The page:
I still consider myself a follower of Jesus, though it is more difficult identifying myself as a Christian when throughout history, the Church has blessed and supported the rich and powerful and systems of injustice. I don’t feel in sync with people who call themselves Christian but have discarded or twisted the core of Jesus’ teachings into something to make us feel good or give us power or wealth. Religious language and having the correct theological beliefs about God and Jesus are not as important as what is real in one’s life and can be seen in their lives and actions.
It’s also tempting at times to just disassociate myself from the Christian faith. But I would be denying the many gifts I’ve been given in my life—the times when I haven’t been able to love, forgive, deal with situations, where the strength and ability was given to me. God is still real for me and is a source of love and spiritual power when I am open, and not seeking these for just my own benefit, but as gifts to help me put love into action.
There are periods of time when the pain and grief I had experienced make it hard to feel God’s presence and guidance, and the joy I would like to have. But even when I can’t feel it, there is a foundation of faith that stays with me and guides and strengthens me. I still pray for clarity, love, understanding, compassion, and strength, and be given strength I don’t believe I have. God helps me rise out of my self-centeredness, fears, and complacency—what people of faith call “sin,” and be able to take powerful action. Sure, others may use a different language for this reality.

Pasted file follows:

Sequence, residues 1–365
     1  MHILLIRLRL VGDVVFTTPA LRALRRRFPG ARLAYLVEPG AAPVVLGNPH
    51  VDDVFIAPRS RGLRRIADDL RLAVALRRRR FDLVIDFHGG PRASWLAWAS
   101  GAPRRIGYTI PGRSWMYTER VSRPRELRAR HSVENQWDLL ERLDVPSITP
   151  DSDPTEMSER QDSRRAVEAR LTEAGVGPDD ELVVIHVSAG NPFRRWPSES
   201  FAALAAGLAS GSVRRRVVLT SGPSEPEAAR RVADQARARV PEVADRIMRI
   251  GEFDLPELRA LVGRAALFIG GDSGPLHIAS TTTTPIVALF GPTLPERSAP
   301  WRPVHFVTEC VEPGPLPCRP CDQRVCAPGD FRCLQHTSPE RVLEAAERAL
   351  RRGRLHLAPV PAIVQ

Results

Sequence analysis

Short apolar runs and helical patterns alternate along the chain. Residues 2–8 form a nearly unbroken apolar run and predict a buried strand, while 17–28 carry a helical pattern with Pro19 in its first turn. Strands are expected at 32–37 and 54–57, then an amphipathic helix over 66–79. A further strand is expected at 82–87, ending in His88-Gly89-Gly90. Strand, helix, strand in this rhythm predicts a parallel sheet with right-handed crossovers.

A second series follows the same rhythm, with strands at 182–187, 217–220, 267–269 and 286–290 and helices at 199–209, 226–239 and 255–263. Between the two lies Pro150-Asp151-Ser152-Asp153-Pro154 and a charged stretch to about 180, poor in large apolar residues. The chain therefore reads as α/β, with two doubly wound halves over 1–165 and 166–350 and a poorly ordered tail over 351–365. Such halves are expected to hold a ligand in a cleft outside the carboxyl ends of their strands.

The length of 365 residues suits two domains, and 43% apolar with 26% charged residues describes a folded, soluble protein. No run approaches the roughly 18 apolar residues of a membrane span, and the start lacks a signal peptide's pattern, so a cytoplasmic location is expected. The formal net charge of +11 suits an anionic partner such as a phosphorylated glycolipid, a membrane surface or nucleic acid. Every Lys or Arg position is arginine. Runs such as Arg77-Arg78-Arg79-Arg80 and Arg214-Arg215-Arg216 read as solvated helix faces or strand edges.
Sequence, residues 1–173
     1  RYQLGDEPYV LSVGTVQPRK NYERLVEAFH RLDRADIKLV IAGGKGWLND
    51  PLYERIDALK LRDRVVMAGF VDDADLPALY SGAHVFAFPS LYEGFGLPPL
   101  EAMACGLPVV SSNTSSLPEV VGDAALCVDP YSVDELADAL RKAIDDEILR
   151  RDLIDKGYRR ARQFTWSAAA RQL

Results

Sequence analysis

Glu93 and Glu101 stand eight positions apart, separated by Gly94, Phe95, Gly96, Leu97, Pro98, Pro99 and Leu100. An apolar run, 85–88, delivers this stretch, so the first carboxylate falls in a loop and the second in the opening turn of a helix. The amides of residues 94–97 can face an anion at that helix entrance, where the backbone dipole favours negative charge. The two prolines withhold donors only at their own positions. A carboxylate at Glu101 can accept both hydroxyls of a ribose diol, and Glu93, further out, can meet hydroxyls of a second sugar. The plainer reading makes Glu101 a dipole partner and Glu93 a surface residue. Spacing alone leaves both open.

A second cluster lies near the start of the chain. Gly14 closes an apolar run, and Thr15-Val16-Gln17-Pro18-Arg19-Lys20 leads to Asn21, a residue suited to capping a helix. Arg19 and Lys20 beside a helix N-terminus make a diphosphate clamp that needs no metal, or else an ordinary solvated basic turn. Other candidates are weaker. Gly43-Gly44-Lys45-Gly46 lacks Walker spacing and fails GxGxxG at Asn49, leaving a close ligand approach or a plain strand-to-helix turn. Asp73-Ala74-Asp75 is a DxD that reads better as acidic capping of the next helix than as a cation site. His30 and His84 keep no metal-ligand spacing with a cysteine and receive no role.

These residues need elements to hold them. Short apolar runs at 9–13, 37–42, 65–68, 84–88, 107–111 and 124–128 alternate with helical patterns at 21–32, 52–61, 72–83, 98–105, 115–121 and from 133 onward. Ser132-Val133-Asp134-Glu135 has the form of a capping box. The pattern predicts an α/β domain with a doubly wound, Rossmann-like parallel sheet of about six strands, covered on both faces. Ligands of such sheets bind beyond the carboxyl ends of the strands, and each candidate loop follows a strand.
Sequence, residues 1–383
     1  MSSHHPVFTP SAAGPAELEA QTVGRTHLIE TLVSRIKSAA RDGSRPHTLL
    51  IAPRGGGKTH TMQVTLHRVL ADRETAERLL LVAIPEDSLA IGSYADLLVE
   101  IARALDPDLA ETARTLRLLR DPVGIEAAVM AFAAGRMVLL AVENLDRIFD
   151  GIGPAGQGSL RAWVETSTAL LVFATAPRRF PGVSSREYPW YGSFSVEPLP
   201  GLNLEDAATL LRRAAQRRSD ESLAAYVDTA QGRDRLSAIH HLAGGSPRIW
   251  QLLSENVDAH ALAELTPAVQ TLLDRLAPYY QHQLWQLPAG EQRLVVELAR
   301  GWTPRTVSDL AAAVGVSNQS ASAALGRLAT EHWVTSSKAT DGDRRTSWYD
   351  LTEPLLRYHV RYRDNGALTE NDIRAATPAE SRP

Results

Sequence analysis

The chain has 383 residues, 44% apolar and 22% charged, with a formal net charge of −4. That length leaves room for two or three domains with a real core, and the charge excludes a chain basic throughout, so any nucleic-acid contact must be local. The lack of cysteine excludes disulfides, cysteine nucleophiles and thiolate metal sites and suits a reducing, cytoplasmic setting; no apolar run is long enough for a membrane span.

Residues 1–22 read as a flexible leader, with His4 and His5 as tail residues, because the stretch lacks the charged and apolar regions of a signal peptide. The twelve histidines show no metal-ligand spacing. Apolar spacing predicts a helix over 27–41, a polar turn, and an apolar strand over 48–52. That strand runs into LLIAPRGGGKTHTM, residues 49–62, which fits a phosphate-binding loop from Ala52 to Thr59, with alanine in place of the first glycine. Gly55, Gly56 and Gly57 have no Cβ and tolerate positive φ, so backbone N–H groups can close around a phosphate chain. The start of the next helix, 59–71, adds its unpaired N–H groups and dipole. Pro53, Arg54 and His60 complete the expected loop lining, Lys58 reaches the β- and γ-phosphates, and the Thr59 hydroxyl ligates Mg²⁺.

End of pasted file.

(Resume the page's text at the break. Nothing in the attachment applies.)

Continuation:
And I see the way Jesus articulated and lived—the way of love, reconciliation, caring for the needs of all—actually a very revolutionary way—as the most life-giving way I know. I still feel an awe and wonder at the amazing beauty, intricacy, and resiliency of the natural world that I can’t explain, but which has been healing for me. I still experience times of love breaking in, like a gift, in almost impossible situations to help us through. I’m deeply grateful for life, as it has been given back to me over and over.